Rebuilding Spent Pasture: Four Years in Photos
In 2008, Allen Williams bought additional acreage to expand his farm in northeast Mississippi. He applied Adaptive High Stock Density grazing methods over the next four years and documented the changes to forage conditions and soil health.
In Northeast Mississippi in the heart of the Black Belt prairie, a farm consisting of approximately 1,000 acres was acquired in the fall of 2008. The farm had had been completely mismanaged and was choked with weeds and brush with little perennial forage base (Picture 5). Cattle were stocked on the place during the winter of 2008-2009 and bale grazing was implemented to start the soil building process.
During the first grazing season of 2009, spring-calving cows were grazed at high stock densities of 100,000 lbs. /ac and higher with daily and even multi-day moves in order to stimulate soil biology and to control prolific weeds. Cattle primarily consumed weeds such as ironweed, ragweed, pigweed, and thistle, along with grazing perennial forages (Fescue, Bermudagrass, Dallisgrass, Johnsongrass,) that were growing sporadically throughout the farm (Picture 6).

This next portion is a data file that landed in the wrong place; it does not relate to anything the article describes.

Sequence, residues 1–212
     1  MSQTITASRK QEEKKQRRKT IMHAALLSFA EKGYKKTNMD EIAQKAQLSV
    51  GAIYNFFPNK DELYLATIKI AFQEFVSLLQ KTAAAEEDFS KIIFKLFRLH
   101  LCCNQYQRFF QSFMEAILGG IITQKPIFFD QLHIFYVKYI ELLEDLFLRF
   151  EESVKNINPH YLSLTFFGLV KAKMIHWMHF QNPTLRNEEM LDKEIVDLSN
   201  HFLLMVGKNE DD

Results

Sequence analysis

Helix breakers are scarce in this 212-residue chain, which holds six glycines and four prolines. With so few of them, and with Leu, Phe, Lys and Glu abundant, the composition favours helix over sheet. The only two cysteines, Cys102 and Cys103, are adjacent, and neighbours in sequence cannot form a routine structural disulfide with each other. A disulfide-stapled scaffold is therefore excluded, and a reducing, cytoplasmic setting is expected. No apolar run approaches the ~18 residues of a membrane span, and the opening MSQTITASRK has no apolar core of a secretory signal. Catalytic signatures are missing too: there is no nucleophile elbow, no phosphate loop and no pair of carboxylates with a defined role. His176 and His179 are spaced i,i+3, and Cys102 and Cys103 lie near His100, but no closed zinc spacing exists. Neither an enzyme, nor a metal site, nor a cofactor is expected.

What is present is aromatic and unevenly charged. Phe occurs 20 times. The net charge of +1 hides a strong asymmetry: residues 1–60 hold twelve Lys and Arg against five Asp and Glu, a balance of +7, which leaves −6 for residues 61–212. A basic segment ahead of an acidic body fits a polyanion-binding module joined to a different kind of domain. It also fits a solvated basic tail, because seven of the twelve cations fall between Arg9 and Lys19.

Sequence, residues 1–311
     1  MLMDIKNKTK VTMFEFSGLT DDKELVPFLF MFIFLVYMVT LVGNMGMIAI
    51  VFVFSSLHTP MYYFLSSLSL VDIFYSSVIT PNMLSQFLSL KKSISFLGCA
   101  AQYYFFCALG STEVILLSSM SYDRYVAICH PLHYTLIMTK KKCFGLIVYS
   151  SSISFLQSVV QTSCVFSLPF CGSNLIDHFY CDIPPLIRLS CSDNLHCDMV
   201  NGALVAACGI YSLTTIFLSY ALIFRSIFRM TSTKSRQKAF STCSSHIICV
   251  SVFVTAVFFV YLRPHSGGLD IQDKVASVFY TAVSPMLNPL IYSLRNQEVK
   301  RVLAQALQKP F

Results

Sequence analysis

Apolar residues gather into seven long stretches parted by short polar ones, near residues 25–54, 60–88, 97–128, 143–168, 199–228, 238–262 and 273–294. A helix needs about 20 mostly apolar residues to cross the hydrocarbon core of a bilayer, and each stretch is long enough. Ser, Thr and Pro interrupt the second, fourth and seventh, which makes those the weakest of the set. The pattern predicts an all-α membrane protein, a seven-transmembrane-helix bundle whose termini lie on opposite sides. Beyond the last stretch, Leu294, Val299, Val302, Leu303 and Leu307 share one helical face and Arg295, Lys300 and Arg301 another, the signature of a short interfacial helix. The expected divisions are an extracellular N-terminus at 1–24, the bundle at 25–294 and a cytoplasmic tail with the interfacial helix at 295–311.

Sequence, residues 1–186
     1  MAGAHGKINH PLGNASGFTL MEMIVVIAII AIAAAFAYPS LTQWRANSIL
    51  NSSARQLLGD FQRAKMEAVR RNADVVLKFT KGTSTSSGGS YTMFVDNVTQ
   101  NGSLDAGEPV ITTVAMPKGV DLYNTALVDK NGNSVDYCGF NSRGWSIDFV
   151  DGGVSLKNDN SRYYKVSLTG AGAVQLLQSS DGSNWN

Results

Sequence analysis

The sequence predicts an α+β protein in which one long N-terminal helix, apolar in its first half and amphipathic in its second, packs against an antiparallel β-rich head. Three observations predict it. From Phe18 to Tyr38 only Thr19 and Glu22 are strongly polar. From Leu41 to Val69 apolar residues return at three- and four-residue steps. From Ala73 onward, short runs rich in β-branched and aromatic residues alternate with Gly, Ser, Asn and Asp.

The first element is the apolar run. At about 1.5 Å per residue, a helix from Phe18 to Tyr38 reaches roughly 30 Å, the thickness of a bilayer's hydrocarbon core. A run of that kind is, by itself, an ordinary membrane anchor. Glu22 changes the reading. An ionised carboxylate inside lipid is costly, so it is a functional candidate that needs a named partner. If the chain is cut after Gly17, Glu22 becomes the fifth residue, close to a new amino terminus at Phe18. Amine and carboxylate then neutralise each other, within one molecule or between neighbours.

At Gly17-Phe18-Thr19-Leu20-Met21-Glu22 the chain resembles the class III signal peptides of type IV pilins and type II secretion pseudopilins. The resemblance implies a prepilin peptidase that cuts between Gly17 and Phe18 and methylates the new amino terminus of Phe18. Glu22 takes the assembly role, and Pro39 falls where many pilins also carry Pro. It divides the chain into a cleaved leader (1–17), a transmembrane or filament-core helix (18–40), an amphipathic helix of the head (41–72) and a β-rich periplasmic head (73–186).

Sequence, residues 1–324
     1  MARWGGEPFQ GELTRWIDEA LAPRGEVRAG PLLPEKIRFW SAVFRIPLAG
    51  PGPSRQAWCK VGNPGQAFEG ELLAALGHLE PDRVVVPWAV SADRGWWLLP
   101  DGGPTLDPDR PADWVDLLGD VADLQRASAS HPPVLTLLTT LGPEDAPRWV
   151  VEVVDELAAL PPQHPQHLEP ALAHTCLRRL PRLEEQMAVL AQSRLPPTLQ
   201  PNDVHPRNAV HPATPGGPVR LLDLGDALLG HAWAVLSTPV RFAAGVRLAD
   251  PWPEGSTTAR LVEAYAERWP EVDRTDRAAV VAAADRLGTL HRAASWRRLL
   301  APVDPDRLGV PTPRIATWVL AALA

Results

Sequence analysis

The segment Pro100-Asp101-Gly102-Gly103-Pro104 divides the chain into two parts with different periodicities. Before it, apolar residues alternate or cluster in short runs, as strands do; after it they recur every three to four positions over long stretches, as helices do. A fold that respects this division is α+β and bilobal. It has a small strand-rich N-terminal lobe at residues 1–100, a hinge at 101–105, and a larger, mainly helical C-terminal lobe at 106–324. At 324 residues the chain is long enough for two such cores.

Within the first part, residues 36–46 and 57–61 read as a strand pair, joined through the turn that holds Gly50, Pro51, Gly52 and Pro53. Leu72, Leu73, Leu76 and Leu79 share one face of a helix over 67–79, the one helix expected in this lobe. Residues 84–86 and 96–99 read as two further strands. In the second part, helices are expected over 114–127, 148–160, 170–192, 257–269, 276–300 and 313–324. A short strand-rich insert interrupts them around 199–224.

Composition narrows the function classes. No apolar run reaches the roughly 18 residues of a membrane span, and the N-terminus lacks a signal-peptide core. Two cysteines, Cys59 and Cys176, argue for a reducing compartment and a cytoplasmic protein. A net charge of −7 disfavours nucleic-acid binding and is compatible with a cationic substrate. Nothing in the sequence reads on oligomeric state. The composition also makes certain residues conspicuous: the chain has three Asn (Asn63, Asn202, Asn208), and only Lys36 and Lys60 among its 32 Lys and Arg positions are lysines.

Stocking densities were high so the desired trample would be accomplished. No mechanical or chemical intervention was applied and no seeding or over seeding was done. The purpose of the grazing method was to stimulate the latent seed bank to provide “reseeding”. Each grazed paddock received extended rest periods of 90 days or greater before re-grazing. Cattle quickly learned to readily consume all plant materials in front of them and would strip the leaf material from ironweed and ragweed (Picture 7).
Cow/calf pairs grazed the farm all through the warm season grazing period the first year with no loss of animal performance and no supplementation other than mineral. High stock density/short duration grazing was applied through the next four grazing seasons. Changes in soil organic matter (OM), soil microbial population, water infiltration rates, and plant species diversity were significant. No seeding or interseeding, mechanical or chemical intervention was performed throughout the four year period.
At the end of four warm/cool season grazing cycles (4 years), soil OM increased from 1.5% to 4.2%, water infiltration rates increased from 0.75 inches/hour to over 4 inches/hour, forage species diversity improved from 3-4 major forage species to more than 24 species, forage DM production increased from less than 1,500 lbs. /ac to over 4,000 lbs. /ac.